It’s All Analog
“It’s all analog!” I would state emphatically, often banging the table for effect. Those in the room that knew me would continue working, those that didn’t believe me could be seen to roll their eyes, but sometimes I would get the attention of a new hire or someone just out of school, and they might ask “what about digital?”
The time was the middle of the 1980s, and I was working at Commodore Business Systems as a senior design engineer, which meant my mistakes got reproduced in the millions. I had never been to college and had come up through the ranks starting as a licensed Television repairman. To say I was self-taught would not have been quite true as once I got into various engineering departments I learned from the brilliant people around me. I also made a point to learn from mistakes, whether mine or theirs.
If we skip the point in time inhabited by the “ECL Generation”, the subsequent “TTL Generation” had the temptation to think in terms of digital connotation, namely they get to call signals “high” or “low”, or for even shorter words, a “1” or a “0”. Simple right? Of course, now we know and use terms like Signal Integrity (SI) and Power Distribution Network (PDN), but back then processors in consumer and small industrial equipment were relatively new.
Suddenly we had a generation of new engineers that “did digital, but not analog”. I would come to find out that most of them meant they didn’t do ground loops, FCC emissions/susceptibility, power supply design and even reset circuits were outside of their comfort zones. Personally, I saw the job as being all-encompassing, a prime example being that the first thing I taught any properly schooled engineer that joined my ranks was how to calculate what the junction temperature of a chip would be.
Case in point, when I got to Commodore I found that the proposed reset circuit, for what would become the C116/C264/Plus4, was comprised of a circuit in which someone had hooked a capacitor to a resistor to the +5V supply to the input of a gate. I got very vocal in my declaration that this simply would not work. Picture a long-haired kid with no schooling telling you this on his first week working there. At least I hadn’t started taking off my shoes at work yet.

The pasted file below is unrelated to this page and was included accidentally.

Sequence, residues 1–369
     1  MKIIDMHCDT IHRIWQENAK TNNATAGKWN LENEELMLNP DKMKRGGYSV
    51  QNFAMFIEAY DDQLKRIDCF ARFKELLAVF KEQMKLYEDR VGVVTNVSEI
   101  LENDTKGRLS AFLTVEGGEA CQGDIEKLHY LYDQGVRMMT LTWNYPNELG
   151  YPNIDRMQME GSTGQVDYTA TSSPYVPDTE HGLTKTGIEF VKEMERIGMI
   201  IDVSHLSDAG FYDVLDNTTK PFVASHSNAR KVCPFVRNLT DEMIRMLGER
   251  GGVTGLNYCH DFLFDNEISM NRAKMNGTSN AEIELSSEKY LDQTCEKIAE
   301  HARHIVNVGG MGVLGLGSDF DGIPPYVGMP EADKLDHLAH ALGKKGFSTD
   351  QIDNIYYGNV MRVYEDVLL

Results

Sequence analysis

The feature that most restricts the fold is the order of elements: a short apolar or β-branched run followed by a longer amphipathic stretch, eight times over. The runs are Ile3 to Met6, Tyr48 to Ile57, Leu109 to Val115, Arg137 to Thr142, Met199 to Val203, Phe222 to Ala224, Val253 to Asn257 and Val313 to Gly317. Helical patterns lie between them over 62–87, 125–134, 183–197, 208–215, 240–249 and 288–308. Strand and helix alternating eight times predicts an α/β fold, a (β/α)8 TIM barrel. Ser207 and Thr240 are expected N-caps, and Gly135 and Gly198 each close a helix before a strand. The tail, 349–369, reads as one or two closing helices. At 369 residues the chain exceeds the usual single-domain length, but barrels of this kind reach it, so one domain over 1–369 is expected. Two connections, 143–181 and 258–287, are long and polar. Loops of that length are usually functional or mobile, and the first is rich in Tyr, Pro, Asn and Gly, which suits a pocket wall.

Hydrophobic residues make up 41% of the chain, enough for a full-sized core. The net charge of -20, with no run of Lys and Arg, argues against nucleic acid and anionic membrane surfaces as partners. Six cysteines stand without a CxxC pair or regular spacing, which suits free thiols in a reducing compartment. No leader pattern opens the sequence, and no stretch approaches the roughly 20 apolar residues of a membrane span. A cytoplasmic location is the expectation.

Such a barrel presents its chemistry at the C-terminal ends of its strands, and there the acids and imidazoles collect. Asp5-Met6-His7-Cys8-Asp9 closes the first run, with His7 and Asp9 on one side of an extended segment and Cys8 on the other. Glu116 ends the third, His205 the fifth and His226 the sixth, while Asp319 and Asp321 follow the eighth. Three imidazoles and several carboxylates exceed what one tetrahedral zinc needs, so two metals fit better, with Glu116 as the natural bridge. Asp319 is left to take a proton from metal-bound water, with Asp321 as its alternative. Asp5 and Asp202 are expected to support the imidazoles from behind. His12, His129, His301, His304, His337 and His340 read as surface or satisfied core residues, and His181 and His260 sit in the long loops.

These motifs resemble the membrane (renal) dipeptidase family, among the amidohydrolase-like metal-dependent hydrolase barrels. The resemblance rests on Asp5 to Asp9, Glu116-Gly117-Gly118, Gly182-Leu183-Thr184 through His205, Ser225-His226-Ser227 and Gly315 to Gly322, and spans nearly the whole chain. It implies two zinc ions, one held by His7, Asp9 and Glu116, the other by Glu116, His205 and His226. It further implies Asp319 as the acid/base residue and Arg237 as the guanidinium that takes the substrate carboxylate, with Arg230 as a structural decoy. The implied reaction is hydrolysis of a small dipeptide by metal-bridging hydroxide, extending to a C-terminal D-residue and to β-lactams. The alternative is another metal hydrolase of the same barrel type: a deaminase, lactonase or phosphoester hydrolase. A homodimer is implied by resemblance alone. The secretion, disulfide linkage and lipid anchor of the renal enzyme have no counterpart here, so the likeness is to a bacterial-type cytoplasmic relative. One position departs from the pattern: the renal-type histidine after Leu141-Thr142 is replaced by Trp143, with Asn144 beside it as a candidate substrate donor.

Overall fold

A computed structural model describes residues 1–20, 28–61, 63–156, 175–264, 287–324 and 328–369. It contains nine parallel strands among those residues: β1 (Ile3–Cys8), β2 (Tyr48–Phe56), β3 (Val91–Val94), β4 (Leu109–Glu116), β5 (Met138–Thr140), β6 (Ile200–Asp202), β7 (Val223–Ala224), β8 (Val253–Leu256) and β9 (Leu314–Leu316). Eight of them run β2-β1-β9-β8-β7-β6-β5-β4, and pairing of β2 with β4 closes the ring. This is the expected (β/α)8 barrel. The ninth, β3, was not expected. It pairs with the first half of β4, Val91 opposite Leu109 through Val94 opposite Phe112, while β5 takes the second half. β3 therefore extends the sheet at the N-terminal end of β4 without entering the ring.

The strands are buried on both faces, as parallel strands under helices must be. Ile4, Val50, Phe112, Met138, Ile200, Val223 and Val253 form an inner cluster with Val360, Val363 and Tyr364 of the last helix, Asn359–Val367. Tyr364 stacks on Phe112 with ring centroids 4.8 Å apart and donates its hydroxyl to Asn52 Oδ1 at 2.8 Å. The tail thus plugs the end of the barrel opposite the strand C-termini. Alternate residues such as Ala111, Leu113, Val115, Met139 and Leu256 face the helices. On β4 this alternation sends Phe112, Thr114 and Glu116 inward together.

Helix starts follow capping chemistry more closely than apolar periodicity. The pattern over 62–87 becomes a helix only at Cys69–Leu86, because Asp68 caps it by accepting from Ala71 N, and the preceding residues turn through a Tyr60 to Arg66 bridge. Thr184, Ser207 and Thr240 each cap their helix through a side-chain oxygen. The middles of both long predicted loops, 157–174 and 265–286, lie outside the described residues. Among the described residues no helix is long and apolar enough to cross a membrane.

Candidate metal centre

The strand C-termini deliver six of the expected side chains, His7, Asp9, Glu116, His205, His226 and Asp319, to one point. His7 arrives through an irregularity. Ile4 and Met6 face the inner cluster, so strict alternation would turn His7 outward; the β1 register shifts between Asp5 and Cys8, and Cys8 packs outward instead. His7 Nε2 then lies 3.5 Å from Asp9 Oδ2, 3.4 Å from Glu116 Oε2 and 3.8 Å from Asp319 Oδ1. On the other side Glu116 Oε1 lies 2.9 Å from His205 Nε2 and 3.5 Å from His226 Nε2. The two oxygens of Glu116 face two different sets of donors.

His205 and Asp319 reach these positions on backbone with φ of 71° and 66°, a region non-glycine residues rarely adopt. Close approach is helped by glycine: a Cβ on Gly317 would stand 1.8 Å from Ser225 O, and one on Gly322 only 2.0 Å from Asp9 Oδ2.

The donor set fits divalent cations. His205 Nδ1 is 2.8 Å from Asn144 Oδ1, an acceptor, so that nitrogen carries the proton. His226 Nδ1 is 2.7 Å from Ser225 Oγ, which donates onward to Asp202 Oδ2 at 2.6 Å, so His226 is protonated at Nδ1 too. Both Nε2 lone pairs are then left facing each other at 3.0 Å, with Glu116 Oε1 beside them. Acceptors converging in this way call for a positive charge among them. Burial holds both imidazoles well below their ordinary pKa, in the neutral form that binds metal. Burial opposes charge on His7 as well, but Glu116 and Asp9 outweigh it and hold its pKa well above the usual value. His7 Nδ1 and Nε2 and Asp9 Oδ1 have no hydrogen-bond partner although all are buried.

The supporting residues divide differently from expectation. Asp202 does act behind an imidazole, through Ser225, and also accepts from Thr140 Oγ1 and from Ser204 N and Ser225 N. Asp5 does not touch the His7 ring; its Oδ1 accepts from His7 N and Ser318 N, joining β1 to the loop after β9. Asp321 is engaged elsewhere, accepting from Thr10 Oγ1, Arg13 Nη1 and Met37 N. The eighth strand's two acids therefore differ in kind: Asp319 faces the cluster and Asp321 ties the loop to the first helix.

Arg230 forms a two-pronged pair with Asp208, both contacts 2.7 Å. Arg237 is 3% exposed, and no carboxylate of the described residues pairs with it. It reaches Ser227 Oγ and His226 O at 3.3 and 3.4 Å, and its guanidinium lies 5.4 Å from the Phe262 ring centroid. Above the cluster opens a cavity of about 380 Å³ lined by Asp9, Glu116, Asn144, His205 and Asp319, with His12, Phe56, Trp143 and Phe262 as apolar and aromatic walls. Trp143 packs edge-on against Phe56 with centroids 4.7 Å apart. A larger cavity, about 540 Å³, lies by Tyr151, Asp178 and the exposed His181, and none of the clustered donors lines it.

So the engineer, it turns out the outgoing engineer as he was moving on to less stressful surroundings, patiently explained that the founder of the company had set a limit on the number of chips that could be in the new computer, the number was nine. I patiently explained that that didn’t matter and that the circuit wouldn’t work. Commodore’s response was to make me in charge of the new line of computers and now it was my problem. I added a dedicated reset circuit on the form of a 555 timer chip and the founder did not fire me, at the end of the day we needed it to work at every quantity, low and high.
Fast forward ahead to my latest tirade; I was in charge of the Commodore C128’s design and hardware, and had to put a dual-processor system—with dual graphics processors and a total of 144mB of DRAM—on a 2 layer board, and have it work in the quantity of millions (and it’s 1985). At the heart of the problem is that most designers can get away with something that works 95% or in most voltages or combinations of chips, but a million times a 2% problem is an awful lot of machines sitting on skids and in scrap piles. These numbers can and will exercise the problems of sensitivity to chip brands and variations and every combination of temperature and voltage.
I worked hard to impress upon anyone who would listen that what they called a “low” was really a threshold voltage of .8V as seen by the chip when the driver chip might have as high an output as .4V, leaving a paltry .4V for noise margin. We used to joke that OR gates were “noisier”, as any spike of greater than .4V on either input could cause the output to start to become invalid.